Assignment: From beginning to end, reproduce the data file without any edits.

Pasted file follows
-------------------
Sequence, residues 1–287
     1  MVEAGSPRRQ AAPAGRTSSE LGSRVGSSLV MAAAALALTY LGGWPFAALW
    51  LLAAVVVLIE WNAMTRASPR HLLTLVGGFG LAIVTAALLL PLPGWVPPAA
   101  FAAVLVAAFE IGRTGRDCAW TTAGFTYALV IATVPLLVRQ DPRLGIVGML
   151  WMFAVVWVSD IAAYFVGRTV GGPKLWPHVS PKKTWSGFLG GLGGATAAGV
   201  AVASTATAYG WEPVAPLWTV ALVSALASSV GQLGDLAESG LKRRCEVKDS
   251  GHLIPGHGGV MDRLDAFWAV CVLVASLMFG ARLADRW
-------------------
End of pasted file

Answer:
Sequence, residues 1–287
     1  MVEAGSPRRQ AAPAGRTSSE LGSRVGSSLV MAAAALALTY LGGWPFAALW
    51  LLAAVVVLIE WNAMTRASPR HLLTLVGGFG LAIVTAALLL PLPGWVPPAA
   101  FAAVLVAAFE IGRTGRDCAW TTAGFTYALV IATVPLLVRQ DPRLGIVGML
   151  WMFAVVWVSD IAAYFVGRTV GGPKLWPHVS PKKTWSGFLG GLGGATAAGV
   201  AVASTATAYG WEPVAPLWTV ALVSALASSV GQLGDLAESG LKRRCEVKDS
   251  GHLIPGHGGV MDRLDAFWAV CVLVASLMFG ARLADRW